Opinion

Financial inclusion beyond microfinance

Usha Thorat | Updated on April 12, 2011 Published on April 08, 2011

Ms Usha Thorat   -  Bijoy Ghosh

The challenge in microfinance lies in taking advantage of economies of scale and passing on the benefits to the customer while providing a reasonable return to the investor.

Financial inclusion is more than microfinance. Microfinance has shown how the poor are credit-worthy, how through regular savings and loan repayments, using group solidarity or guarantee, they have alleviated distress amongst low-income households, enabled consumption smoothening and facilitated self-employment and micro-enterprise.

For borrowers who only had recourse to moneylenders and loan sharks, microfinance provided access to formal sector finance with very little formality and documentation. The MFIs have demonstrated innovative methods and technology to enhance outreach and attract equity which could be leveraged to make further investments to enhance coverage. They have been able to reach the last mile that banks have found difficult.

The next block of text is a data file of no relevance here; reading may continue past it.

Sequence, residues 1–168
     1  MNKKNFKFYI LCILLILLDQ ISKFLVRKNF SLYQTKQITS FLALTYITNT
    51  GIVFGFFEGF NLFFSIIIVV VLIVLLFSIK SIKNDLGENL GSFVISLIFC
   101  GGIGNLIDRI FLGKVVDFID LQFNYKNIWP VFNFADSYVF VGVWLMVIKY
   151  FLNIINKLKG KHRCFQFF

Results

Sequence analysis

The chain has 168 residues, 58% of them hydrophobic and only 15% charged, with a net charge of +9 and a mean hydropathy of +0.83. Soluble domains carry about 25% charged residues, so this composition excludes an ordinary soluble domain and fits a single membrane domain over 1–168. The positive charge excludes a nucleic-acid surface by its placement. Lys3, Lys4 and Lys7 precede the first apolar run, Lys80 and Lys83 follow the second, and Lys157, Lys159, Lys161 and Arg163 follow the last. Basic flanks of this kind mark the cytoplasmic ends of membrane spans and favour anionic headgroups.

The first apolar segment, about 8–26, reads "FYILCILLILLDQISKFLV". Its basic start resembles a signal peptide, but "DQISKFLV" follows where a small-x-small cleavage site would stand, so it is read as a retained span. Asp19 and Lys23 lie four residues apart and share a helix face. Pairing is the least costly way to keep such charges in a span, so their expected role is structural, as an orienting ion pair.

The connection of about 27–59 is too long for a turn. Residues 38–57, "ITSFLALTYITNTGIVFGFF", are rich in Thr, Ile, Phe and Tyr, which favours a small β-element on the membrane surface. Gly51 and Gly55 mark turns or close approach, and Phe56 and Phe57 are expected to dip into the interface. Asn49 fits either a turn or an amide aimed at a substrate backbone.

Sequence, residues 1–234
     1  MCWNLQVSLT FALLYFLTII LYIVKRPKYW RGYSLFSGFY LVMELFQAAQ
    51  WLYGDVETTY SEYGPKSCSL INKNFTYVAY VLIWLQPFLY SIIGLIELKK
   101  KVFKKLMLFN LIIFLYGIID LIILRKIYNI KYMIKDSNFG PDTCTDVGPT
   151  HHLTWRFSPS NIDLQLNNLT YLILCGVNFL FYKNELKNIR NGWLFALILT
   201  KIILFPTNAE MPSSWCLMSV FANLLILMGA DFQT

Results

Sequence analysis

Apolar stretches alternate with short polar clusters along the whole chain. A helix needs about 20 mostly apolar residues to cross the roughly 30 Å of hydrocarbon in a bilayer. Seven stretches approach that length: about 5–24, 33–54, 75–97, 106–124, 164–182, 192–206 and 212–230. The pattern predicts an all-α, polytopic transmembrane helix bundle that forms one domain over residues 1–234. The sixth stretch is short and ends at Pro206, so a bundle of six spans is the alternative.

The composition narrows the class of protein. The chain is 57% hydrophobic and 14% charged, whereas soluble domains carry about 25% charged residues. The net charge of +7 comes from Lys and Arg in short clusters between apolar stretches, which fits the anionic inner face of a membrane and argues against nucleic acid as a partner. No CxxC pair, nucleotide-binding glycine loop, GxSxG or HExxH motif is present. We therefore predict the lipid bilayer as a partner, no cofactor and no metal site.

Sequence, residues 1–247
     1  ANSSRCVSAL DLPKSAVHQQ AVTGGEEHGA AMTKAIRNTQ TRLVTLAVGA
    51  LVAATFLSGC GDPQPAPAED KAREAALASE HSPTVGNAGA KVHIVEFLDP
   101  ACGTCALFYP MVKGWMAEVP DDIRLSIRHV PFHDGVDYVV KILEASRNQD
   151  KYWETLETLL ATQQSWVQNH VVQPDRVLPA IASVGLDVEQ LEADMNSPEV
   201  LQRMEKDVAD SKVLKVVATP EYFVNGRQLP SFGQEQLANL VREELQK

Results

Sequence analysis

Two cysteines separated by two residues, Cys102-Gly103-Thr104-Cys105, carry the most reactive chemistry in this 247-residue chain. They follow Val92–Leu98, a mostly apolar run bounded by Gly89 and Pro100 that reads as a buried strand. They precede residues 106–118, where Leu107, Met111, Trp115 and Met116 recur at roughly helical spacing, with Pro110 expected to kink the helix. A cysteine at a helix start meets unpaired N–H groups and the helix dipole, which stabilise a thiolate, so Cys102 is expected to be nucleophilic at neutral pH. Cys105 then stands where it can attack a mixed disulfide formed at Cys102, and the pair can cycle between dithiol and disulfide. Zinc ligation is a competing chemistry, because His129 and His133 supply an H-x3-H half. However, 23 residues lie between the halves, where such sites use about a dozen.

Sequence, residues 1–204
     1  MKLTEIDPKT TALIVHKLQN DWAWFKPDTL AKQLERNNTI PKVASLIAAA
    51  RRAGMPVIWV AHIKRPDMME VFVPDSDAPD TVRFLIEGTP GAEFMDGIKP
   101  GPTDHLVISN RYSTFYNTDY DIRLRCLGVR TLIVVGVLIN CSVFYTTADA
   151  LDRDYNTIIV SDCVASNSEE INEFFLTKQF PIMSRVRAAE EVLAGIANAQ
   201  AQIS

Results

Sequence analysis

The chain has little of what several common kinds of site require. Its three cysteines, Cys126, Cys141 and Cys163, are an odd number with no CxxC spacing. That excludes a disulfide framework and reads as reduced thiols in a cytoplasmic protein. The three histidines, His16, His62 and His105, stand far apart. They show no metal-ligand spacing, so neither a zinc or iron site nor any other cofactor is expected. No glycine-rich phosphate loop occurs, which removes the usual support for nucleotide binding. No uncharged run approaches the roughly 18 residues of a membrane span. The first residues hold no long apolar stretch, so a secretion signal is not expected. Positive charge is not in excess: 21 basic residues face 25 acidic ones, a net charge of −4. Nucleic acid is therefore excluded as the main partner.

The number of loan accounts serviced by MFIs in India increased from 10 million in 2007 to nearly 27 million in 2010 while loans outstanding increased from $840 million to $4 billion.

On the other hand, the critics of microfinance have argued that the interest rates are too high and investors in such MFIs have obtained huge returns on their equity. Grameen Bank Founder Muhammed Yunus would argue that financial services to the poor cannot be rendered by profit-oriented enterprises. Others would argue that unless there are profits to be made, there can be no sustainable scale-up of business so as to cover the unreached and excluded.

Consumer protection

The whole issue boils down to what is considered to be abnormal or supernormal profits and what is considered to be cost covering and enough for the business to be sustained.

The challenge ultimately lies in reducing costs through the use of technology, taking advantage of economies of scale and passing on the benefits to the customer while providing a reasonable return on capital to the investor. However, as has been the experience in microfinance, it is important that incentives are not distorted. Commissions have been given on basis of more clients and giving more loans.